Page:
2. hostnames :
    • comma-separated list of patterns, including wildcards ? or *, negation !, or stuff like : [hostname]:nonStandardPortNumber
    • lines starting with a | : 1 hashed host name only, no wildcards
  3. keyType : taken directly from the host public key
  4. base64-encoded key : taken directly from the host public key
  5. comment : for humans only, field ignored


Alternately, hostnames may be stored in a hashed form which hides host names and addresses should the file's contents be disclosed.
  • hashed hostnames start with a | character
  • only one hashed hostname may appear on a single line
  • none of the above negation or wildcard operators may be applied

~/.ssh/known_hosts snippet :,                                ssh-rsa             AAAAB3NzaC1yc2EAAAABIEYsdlLJizHhbn2mUjvSAHQqZETYP8
[]:443                                        ssh-ed25519         AAAAC3NzaC1lZDI1NTE5AAAAIJ/ycvU99wR2V5R0DoRFUKLJu5gHHzbTeclrKCNazPF6
[myServer]:443                                           ssh-ed25519         AAAAC3NzaC1lZDI1NTE5AAAAIJ/ycvU99wR2V5R0DoRFUKLJu5gHHzbTeclrKCNazPF6
otherServer,                               ssh-ed25519         AAAAC3NzaC1lZDI1NTE5AAAAIFJedssLBKbi/JNVr+D/LjBPQxz/lh0QWp/9Gqq1lQE4

<----------------------- hostname -------------------------> <---- keyType ----> <------------------------ host public key -------------------------------> <- comment ->

|1|grfd/OaC6DWyOMR7SnNf9B/16VA=|2uogKOBT5cudir2KPB7osUhcGw0= ecdsa-sha2-nistp256 AAAAE2VjZHNhLXNoYTItboumF44X/ijdaL6wPg9EGXbDKS9Euljb1QzNZ+URKQDHNQfvDZI= foo bar baz
|1|dsRkLZMgihkLV7iIYaOj+c2E9tQ=|jv1y+ZlW6V5Ur2+ZokGAZqx01Ks= ecdsa-sha2-nistp256 AAAAE2VjZHNhLXNoYTItbLCnAw+yUtX4Kk200cPqrHaujTP0k9HfMD0ePH35GNI6cw8Kbs4= hello world
|1|19DOvudcdXmK3NyfRa3bKdWDF4k=|NpVnuE2D07Je9aa5i/TUXz5ZAnE= ecdsa-sha2-nistp256 AAAAE2VjZHNhLXNoYTItbLCnAw+yUtX4Kk200cPqrHaujTP0k9HfMD0ePH35GNI6cw8Kbs4= ga bu zo meu

How can an SSH connection succeed / fail intermittently with no error message despite verbose mode ?



Looks like you've done nothing wrong. The problem must be :


There are chances you actually shot your own foot with hardened security rules like this .


Setup :

apt install openssh-client

Starting ssh-agent :

  • Was it automatically started at login :
    ps aux | grep [s]sh-agent
    bob      982  0.0  0.0  11088   328 ?        Ss   Oct08   0:00 /usr/bin/ssh-agent startxfce4
  • env | grep SSH_
    check the agent is running :
    	echo $SSH_AUTH_SOCK
    	/!\ not '$SSH_AGENT_SOCK' as said in the doc

Manage private keys :

  • add a private key :
    ssh-add ~/.ssh/myPrivateKey
  • list known keys :
    ssh-add -l
    2048 SHA256:cMdVUp8pTJGbLYS6Ngrl5odnFYGhoBXGY1p8pTJGbLTk+drlkgE /home/kevin/.ssh/myPrivateKey (RSA)
  • delete all keys :
    ssh-add -D
Looks like under some conditions, ssh-agent forgets keys after a reboot (don't know whether this is context-specific or the default behavior. Details). Anyway, to permanently add keys to the agent, no need for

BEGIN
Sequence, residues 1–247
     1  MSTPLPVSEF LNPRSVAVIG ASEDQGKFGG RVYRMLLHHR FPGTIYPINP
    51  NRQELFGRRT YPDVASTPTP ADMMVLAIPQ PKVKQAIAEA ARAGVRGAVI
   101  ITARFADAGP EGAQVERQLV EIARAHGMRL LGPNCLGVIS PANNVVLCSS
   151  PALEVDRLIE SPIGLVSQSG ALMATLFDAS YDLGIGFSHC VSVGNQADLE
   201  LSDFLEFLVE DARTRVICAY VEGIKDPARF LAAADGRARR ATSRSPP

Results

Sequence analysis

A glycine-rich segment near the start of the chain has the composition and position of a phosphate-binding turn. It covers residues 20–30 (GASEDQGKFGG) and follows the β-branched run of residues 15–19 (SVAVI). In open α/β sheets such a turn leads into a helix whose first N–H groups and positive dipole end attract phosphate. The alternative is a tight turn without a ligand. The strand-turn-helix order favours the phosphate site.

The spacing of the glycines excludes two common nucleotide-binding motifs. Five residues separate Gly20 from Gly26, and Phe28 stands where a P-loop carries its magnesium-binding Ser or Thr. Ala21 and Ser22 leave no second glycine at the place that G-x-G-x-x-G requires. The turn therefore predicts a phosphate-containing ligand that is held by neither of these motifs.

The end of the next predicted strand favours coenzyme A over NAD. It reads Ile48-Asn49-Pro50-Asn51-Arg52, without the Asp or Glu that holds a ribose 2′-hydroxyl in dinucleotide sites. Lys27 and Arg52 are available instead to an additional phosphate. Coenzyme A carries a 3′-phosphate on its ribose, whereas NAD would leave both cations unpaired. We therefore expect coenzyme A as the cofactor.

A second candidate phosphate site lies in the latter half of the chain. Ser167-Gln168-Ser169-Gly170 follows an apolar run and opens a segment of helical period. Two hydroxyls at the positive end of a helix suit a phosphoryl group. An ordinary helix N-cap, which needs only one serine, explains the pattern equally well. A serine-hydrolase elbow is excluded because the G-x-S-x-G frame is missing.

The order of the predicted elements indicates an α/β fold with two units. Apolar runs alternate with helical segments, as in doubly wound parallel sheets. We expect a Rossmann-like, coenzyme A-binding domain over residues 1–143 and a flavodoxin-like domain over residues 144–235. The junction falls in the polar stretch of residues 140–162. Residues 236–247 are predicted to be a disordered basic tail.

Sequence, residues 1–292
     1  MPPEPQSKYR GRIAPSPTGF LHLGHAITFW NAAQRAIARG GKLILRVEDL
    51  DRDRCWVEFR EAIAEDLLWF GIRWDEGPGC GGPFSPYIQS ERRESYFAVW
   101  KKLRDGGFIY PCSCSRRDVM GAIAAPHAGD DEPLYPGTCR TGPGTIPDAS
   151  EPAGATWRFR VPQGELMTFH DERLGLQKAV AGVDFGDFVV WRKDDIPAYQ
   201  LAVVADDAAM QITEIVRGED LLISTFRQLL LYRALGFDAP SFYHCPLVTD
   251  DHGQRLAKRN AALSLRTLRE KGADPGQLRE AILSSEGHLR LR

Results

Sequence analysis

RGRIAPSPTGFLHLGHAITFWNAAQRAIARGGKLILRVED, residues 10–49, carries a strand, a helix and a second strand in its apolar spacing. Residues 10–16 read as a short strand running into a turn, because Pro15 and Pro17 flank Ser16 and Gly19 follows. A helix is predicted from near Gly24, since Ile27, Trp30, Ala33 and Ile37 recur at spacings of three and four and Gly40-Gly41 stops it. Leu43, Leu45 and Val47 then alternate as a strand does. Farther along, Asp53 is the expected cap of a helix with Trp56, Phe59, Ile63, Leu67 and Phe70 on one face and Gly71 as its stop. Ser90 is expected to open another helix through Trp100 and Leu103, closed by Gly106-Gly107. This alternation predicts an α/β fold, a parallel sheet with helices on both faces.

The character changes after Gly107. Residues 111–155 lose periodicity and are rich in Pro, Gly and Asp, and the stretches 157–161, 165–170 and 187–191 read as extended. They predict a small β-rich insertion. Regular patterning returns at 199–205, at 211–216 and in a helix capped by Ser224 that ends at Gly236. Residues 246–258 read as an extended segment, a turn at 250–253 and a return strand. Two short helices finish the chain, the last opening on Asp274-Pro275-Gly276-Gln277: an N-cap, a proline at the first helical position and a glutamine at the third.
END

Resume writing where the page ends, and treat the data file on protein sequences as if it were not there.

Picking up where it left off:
ssh-add myKey
in ~/.bashrc. Instead, use AddKeysToAgent.
run the agent manually (should not be necessary) :
	eval `ssh-agent`
	==> read why we "eval" instead of "running" it :

kill the agent :
	ssh-agent -k

SSH client configuration

Configuration files :

system-wide settings
personal user configuration
local cache of host (i.e. server) keys
list of public keys that will be accepted for key-based logins
Usage of ~/.ssh/authorized_keys2 for SSH protocol 2 is deprecated since 2001 (sources : 1, 2).

Configuration directives :

Flag Default Usage
BindInterface Use the address of the specified interface on the local machine as the source address of the connection
This feature was introduced by OpenSSH 7.7. As of June 2019, it must be installed —on Debian Stretch— via the testing repository (details, sources : 1, 2).
Compression no Specifies whether to use compression
ControlMaster Share multiple sessions over a single network connection. Values :
  • no : default
  • yes : enable multiplexed connections by re-using a master connection. Connect normally (i.e. open a new connection) if using the master connection fails.
  • ask : as above + requires confirmation via ssh-askpass
  • auto : use master connection, create it if missing
  • autoask : as above + ask confirmation like the ask option
ControlPath Specify
  • the path to the control socket used for connection sharing as described in ControlMaster
  • or none to disable connection sharing
ControlPersist Used with ControlMaster to specify how the master connection should remain open in the background :
  • no (default) : do not leave the master connection open in the background (waiting for future client connections) and close it as soon as the initial client connection is closed
  • yes or 0 : leave the master connection open in the background forever (or until closed explicitly)
  • ns : the master connection stays open in the background up to n seconds of inactivity
HashKnownHosts no hash host names and addresses when they are added to ~/.ssh/known_hosts so that they do not visually reveal identifying information if the file's contents are disclosed.
Include someFile
  • include the specified configuration file(s)
  • multiple pathnames may be specified and each pathname may contain wildcards (such as ~)
  • files without absolute paths are assumed to be in :
    • ~/.ssh if included in a user configuration file
    • /etc/ssh if included from the system configuration file
    For this reason, Included configuration files related to SSHFS mounts declared in /etc/fstab should have an absolute path.